Best-selling journalist Antony Loewenstein trav­els across Afghanistan, Pakistan, Haiti, Papua New Guinea, the United States, Britain, Greece, and Australia to witness the reality of disaster capitalism. He discovers how companies such as G4S, Serco, and Halliburton cash in on or­ganized misery in a hidden world of privatized detention centers, militarized private security, aid profiteering, and destructive mining.

Disaster has become big business. Talking to immigrants stuck in limbo in Britain or visiting immigration centers in America, Loewenstein maps the secret networks formed to help cor­porations bleed what profits they can from economic crisis. He debates with Western contractors in Afghanistan, meets the locals in post-earthquake Haiti, and in Greece finds a country at the mercy of vulture profiteers. In Papua New Guinea, he sees a local commu­nity forced to rebel against predatory resource companies and NGOs.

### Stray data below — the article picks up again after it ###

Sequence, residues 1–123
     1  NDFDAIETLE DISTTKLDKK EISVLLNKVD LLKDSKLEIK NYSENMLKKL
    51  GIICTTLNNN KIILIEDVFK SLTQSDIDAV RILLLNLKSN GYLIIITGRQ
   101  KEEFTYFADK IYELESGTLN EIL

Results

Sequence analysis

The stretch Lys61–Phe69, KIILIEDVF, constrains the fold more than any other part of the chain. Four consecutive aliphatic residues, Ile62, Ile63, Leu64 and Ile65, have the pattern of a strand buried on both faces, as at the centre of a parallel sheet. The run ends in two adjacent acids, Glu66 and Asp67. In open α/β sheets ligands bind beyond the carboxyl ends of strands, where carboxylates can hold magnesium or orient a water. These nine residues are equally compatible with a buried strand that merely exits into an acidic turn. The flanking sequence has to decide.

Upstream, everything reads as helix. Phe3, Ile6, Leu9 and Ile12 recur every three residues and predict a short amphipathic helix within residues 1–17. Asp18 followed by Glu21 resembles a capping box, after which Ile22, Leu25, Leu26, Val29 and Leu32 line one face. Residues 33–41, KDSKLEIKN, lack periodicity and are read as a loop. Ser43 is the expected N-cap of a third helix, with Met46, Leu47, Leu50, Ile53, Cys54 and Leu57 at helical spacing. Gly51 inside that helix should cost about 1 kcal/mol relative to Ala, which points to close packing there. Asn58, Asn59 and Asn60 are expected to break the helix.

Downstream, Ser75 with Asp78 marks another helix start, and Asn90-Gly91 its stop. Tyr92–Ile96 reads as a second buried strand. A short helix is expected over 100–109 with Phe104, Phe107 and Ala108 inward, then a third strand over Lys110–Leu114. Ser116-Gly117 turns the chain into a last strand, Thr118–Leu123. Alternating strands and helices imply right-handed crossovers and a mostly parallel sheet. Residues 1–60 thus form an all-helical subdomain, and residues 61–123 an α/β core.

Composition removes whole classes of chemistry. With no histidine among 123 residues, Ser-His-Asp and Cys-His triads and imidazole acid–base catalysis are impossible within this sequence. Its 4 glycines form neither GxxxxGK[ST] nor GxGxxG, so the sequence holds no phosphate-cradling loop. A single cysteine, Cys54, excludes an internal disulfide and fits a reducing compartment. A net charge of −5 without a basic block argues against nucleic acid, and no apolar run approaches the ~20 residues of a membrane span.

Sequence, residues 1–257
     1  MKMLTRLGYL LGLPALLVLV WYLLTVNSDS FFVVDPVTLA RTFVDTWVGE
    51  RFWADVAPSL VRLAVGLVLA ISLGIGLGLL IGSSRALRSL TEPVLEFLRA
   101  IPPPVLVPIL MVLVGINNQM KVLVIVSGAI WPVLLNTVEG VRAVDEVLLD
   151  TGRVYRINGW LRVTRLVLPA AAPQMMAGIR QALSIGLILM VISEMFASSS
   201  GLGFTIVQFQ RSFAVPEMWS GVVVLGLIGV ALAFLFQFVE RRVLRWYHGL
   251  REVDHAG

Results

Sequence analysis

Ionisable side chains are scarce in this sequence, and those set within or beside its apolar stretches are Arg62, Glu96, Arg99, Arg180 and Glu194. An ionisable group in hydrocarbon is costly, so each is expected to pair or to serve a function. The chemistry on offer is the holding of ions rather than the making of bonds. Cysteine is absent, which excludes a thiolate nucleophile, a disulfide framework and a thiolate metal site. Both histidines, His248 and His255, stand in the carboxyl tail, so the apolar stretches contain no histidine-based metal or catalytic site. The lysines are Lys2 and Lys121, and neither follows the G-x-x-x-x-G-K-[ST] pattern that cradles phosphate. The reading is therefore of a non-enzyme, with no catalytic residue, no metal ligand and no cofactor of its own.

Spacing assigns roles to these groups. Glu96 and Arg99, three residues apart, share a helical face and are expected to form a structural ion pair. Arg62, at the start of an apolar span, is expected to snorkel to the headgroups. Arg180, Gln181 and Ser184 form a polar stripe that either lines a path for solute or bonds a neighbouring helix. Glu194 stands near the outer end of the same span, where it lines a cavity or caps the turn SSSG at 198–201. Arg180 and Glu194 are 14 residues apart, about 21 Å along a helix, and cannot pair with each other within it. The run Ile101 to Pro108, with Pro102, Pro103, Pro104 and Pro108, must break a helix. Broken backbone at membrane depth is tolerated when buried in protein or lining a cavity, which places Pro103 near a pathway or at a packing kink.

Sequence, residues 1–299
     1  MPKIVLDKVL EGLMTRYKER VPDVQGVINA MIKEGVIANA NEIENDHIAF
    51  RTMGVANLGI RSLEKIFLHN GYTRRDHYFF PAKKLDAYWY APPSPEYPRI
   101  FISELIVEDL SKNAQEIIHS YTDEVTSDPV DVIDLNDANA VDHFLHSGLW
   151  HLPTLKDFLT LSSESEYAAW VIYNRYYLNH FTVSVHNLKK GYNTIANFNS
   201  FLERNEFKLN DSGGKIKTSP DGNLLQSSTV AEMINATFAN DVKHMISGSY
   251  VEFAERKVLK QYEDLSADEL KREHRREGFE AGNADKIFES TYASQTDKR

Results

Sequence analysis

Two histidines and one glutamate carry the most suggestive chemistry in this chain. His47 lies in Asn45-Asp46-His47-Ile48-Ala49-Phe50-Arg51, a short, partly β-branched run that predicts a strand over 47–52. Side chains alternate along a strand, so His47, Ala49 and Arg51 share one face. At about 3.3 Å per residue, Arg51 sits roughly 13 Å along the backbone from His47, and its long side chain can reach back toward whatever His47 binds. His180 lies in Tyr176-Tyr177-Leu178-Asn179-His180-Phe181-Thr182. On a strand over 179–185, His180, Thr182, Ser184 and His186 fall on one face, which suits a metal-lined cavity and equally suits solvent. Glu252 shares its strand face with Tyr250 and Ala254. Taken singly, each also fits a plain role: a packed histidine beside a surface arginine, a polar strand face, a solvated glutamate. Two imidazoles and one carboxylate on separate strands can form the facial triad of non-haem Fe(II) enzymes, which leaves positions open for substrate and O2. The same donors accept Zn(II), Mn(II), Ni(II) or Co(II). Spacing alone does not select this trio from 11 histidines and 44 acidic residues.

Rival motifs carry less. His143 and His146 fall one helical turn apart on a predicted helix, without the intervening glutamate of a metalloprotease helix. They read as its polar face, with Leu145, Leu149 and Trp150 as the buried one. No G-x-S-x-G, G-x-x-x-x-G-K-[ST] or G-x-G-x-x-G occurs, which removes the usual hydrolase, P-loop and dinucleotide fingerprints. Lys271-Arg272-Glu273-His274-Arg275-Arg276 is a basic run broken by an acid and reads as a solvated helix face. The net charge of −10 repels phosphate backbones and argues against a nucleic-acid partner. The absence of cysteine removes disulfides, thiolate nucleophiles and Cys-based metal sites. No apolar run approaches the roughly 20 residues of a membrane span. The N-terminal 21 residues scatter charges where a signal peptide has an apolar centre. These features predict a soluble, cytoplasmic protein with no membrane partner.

What emerges through Loewenstein’s re­porting is a dark history of multinational corpo­rations that, with the aid of media and political elites, have grown more powerful than national governments. In the twenty-first century, the vulnerable have become the world’s most valu­able commodity. Disaster Capitalism is published by Verso in 2015 and in paperback in January 2017.